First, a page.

• We quietly question our confidence in ourselves. Marketing our facilities at an industry conference filled with high level professionals, insecurity can cause us to oversell our facilities and perhaps embellish on what may already be great treatment. Others sense our overblown style and may move on. Our insecurity increases.

These are inner, and to some extent outer, experiences that we hope no one can see. We hope for grace amid our self-doubt and hope for a steep learning curve. We fail to trust that we are enough, that our team and quality of care is enough. Our ego gets in the way of our own integrity.

So how can this impact the bottom line you ask? When we engage from an ego-centered lens in leadership, we distance those around us. We quickly forget the mission-driven focus of patient-centered care. Putting our own sense of self-importance first, we can believe we have the right answers without seeking input from others. We believe that everyone except for us is replaceable and thereby undermine how the individuals on our team feel valued by us. We essentially undo the relationships that could create the team’s success. Thus, employee satisfaction will go down and employee turnover will inevitably increase.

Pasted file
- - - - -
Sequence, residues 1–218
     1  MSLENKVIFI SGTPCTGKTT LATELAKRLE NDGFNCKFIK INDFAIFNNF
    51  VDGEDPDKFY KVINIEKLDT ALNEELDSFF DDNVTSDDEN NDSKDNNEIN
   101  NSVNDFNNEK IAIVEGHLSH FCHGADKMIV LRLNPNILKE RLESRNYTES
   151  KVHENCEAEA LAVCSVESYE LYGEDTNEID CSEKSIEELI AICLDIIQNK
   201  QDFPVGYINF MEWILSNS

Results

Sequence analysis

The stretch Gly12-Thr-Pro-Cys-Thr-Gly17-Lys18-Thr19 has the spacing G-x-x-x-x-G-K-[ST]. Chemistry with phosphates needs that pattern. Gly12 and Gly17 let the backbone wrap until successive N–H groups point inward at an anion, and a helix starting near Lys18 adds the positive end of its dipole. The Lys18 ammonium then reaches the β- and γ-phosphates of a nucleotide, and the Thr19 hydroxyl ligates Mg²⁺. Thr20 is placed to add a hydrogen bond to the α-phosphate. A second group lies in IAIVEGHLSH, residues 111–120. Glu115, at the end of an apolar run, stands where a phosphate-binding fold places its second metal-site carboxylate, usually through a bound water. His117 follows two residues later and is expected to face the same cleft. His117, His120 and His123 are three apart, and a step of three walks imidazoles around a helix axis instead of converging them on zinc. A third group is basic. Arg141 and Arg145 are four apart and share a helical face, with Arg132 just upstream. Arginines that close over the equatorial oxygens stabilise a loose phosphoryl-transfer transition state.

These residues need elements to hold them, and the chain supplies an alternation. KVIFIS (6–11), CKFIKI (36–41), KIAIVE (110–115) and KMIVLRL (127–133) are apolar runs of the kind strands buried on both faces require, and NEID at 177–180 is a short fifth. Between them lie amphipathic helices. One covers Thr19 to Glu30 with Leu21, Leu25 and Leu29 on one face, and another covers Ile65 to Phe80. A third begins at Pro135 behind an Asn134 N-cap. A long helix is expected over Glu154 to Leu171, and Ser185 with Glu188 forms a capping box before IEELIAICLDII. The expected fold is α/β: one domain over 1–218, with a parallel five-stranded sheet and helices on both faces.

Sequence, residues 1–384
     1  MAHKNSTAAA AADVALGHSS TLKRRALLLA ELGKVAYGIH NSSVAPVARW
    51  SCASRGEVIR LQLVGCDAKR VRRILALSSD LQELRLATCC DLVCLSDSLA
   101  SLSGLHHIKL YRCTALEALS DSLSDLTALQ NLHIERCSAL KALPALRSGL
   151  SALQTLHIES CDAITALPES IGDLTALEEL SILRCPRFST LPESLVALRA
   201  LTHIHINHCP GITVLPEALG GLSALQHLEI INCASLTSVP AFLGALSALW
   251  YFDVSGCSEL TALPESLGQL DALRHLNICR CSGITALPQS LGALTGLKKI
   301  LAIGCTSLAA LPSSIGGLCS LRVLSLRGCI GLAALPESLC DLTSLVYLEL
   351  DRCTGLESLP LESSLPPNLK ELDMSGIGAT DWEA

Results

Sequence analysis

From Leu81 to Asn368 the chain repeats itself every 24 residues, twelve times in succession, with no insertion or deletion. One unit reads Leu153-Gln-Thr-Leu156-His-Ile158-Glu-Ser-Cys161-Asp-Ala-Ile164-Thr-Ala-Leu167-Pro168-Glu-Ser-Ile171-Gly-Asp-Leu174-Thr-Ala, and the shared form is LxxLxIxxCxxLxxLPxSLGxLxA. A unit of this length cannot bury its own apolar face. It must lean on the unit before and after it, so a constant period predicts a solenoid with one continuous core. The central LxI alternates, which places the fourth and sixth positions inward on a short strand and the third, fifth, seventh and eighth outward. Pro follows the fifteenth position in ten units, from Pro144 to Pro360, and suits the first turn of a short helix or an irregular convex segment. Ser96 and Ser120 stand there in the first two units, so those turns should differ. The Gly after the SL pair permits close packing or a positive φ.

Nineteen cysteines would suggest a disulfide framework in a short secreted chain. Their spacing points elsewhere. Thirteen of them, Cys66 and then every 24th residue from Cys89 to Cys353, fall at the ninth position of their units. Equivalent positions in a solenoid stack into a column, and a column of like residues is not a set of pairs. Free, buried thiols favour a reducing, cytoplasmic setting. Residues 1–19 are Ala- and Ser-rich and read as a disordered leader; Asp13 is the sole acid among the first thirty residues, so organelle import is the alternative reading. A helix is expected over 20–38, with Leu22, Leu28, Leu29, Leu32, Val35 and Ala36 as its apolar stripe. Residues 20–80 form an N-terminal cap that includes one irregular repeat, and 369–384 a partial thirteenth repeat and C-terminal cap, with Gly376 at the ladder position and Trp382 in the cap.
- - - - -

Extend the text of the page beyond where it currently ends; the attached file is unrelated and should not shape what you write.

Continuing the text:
To take this a step further, once we have taken this ego-centered approach and our managers feel distanced from and devalued by the leader of the organization, we now have directly impacted the frontline staff and the patient. The psychological insight on this is that the patient can only be as healthy as the staff and organization is healthy. If the employees are not engaged and do not feel valued, they do not offer hope in the same way to the patient. The staff may try, but they ultimately will be limited in their ability to express belief in the recovery of the patient (which, research shows, is a significant factor in the recovery from mental health and co-occurring disorders) if their leader has failed to value, focus on, and believe in them. At this point you have lost: You have lost the team, you have lost the staff, and you have lost your ability to be effective with patients. What follows, if we remain in this ego-centered state, is that our facilities become known for poor outcomes. We lose our referral relationships, we lose our admissions stream, and we lose revenue. Try as we may, nothing will change unless we find right relationship with ourselves again.

The key words here are mission-driven. We must focus and put the patient first. Always. No matter what. We do the right things for the right reasons, again and again. We get ourselves out of the way through doing our own inner work. We overcome being the limiting factor in this dynamic. We stop focusing as much on revenue and we focus on what matters: believing in the people that can make a difference. By letting go of ego, we remember what it means to be part of a team and we catalyze both the hope and the inherent ability of our patients to recover.